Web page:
Before and After the Check-in Desk

Now you have a little puzzle. Your baggage allowance is 5kgs and you've still got a few more things to cram in. Here's a solution as recommended by a budget airline frequent flyer.

Wear your coat, and make sure all the pockets are stuffed with as many small, heavy items as possible, that otherwise would make your hand luggage overweight. Things such as your camera, phone charger etc. If it is small and heavy7, your coat pockets are ideal.

Once your bag has been weighed, you still need to go through security, where they will ask you to remove your coat so that it can be X-rayed, along with your pocket contents. So, if you're carrying a kilo of chocolate bars in your coat pockets don't be surprised by the look of studied boredom on the Security guys' faces. They've seen it all before.

Depending on your airline's terms and conditions, you will have to remember not to overfill your cabin bag by buying duty-free spirits, clothes and the many other temptations on offer in the departure lounge shopping mall. If your airline has indicated that only one bag will be allowed on board, do not chance your fortune by buying anything that will not fit within your limits.

One unfortunate couple found to their chagrin that their slightly larger cabin bags on the way home were refused at the aircraft doors, sent back to check-in and the couple then had to pay the inflated baggage hold price, which put a dampener on the end of an otherwise wonderful holiday. Otherwise, most airlines are relaxed about what airport purchases you can carry onto the plane, so now is your chance to buy additional supplies from that well-known High Street Chemist, once you have been through the weight and the security checks. Ensure that you leave enough time to find these essentials - as it is better to board your plane in plenty of time than to hunt down that last packet of antihistamine tablets.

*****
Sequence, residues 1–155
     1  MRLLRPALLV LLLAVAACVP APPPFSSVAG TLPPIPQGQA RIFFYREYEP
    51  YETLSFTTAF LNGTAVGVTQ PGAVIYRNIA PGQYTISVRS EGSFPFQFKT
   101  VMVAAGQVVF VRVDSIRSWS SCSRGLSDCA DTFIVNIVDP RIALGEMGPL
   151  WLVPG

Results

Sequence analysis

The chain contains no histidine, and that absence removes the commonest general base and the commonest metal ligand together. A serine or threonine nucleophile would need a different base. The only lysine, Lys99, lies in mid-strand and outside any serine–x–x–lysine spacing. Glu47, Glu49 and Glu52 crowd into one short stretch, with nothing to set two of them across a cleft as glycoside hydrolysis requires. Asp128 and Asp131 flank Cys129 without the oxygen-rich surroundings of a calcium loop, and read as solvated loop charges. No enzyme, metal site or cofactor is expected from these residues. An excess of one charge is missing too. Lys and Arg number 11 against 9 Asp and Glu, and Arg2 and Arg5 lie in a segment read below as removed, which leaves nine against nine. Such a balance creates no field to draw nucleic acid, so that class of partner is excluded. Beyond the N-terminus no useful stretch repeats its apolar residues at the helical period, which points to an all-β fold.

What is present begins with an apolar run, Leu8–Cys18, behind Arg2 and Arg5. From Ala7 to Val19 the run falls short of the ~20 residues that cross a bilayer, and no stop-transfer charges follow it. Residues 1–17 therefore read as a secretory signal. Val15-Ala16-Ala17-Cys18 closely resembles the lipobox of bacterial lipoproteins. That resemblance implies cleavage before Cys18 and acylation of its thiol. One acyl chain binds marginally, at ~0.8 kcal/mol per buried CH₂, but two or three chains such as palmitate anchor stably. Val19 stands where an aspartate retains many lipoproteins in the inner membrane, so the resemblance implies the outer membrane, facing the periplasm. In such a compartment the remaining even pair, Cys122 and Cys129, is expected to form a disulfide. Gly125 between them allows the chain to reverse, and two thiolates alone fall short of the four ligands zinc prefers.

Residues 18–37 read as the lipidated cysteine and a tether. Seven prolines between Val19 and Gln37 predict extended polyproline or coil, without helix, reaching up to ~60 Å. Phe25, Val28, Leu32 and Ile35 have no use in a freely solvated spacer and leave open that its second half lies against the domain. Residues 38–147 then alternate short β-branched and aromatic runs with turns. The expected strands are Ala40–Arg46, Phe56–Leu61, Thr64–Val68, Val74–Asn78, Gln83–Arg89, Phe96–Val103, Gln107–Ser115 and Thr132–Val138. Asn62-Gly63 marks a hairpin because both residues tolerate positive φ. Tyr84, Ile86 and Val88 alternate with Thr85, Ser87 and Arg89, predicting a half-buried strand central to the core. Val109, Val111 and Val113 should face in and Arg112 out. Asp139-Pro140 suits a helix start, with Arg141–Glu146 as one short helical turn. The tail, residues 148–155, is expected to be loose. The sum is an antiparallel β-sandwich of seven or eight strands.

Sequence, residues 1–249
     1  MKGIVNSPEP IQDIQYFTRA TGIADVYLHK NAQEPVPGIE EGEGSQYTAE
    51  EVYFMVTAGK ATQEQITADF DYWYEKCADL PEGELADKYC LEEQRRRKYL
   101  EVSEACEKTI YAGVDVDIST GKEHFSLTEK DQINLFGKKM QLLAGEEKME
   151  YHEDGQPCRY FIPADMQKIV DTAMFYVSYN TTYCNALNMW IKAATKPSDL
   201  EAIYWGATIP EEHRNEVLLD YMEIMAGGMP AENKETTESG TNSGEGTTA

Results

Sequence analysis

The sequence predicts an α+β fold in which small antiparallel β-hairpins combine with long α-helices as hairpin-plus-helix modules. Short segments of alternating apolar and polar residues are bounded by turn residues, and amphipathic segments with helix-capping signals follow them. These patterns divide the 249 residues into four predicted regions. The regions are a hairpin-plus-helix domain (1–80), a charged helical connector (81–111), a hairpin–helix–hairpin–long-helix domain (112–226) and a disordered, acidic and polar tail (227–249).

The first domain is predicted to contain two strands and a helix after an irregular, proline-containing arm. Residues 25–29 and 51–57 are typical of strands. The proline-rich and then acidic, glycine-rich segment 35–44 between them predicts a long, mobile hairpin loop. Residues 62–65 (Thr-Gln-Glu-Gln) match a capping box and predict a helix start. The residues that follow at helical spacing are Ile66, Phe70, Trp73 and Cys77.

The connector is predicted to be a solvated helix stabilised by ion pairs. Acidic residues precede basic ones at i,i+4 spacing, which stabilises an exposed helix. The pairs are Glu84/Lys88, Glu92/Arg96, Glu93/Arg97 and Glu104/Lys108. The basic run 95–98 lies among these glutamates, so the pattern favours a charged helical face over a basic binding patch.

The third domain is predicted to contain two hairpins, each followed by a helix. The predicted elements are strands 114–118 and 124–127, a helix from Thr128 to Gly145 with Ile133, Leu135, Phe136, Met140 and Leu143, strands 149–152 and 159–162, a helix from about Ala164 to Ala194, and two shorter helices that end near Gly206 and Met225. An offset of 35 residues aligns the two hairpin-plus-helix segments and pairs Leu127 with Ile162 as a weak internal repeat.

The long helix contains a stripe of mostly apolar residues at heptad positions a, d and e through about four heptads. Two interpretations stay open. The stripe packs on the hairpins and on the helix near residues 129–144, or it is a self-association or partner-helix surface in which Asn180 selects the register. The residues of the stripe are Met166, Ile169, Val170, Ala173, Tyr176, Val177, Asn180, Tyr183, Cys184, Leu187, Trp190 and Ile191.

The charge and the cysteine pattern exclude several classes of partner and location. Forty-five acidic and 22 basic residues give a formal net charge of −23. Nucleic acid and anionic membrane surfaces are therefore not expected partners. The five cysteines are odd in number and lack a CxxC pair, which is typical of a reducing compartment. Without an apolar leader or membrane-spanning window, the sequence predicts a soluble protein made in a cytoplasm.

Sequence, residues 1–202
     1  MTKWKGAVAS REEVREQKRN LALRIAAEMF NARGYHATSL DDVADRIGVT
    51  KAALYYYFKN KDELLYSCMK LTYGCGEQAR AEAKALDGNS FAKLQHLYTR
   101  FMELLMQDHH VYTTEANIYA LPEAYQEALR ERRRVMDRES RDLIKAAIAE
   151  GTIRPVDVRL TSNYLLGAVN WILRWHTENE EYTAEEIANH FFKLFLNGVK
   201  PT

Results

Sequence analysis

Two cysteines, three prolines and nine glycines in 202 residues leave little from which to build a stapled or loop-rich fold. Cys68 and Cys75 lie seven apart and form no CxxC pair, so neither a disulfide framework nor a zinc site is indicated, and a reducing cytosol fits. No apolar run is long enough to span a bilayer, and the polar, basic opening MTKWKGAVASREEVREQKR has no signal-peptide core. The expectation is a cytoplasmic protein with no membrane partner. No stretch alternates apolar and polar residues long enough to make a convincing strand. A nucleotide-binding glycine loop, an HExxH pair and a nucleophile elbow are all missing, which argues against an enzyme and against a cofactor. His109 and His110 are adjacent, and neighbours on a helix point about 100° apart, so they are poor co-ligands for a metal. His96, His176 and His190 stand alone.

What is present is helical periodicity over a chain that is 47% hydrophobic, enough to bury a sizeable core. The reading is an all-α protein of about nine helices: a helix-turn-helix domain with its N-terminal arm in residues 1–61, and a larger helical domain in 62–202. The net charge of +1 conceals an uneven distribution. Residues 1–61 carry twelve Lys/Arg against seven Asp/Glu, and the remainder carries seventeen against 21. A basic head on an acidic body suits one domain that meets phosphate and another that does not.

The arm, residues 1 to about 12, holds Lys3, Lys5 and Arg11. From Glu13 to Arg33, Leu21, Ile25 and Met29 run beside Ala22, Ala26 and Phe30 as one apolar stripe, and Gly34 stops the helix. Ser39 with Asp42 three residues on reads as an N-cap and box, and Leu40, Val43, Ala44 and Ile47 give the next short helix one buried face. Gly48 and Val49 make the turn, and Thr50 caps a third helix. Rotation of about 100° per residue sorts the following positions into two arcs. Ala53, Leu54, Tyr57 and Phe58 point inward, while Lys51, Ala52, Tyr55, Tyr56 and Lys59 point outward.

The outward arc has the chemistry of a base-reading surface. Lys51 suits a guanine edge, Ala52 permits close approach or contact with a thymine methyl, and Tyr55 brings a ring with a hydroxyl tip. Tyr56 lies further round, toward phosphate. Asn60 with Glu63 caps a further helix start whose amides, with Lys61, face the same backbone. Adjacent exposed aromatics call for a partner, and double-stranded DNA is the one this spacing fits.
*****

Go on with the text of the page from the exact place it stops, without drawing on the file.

You may want to save paying a huge sum of money for a simple bottle of water, so you may decide to take an empty container with you through the check-in, and then fill it with tap water before boarding the plane. Do make sure that the water you use is actually drinking water though, as not all hand basins provide potable water.

What to Leave Behind When your Holiday is Over

Your holiday or overseas trip has ended, and you have your eye on some wonderful local souvenirs. Do bear in mind that if your bag was packed to the gunnels on the way out, then you will have to decide whether you can sacrifice some of the contents on your return journey, to allow you space and weight allowance for that sentimental souvenir.

When I returned to Japan after a year's stay in England I used the postal service rather than pay the costs of excess baggage for all the things I couldn't bear to leave behind.

If sending things home through the post is not a viable option, then you will have to root out the things you'd not miss once you get home again. So, all the half-used toiletries, the paperbacks that you will never read again, and how about those old beach towels, that T-shirt that you're bored with, that pair of sandals that gave you a blister? Leave any books or clothing in a designated recycling container (ask at the hotel reception), not thrown in the refuse.


If all this weighing and deciding is just too stressful, then you could always consider a cruise or a coach tour for your next holiday where weight and size are of no concern whatsoever.

1The word 'excess' gives a clue here.2Everyone needs to wash their hair more often if they visit a beach and then intend to dance the night away. Shampoo can also double up as shower gel and be used to wash your clothes in an emergency.3This advice is mainly aimed at women. Manbags are also available.4This is a change purse in the USA.5The sniffing is done by a gadget inserted into the bag - not by the staff themselves.6A gruelling form of triathlon.7And allowed inside an aircraft, naturally.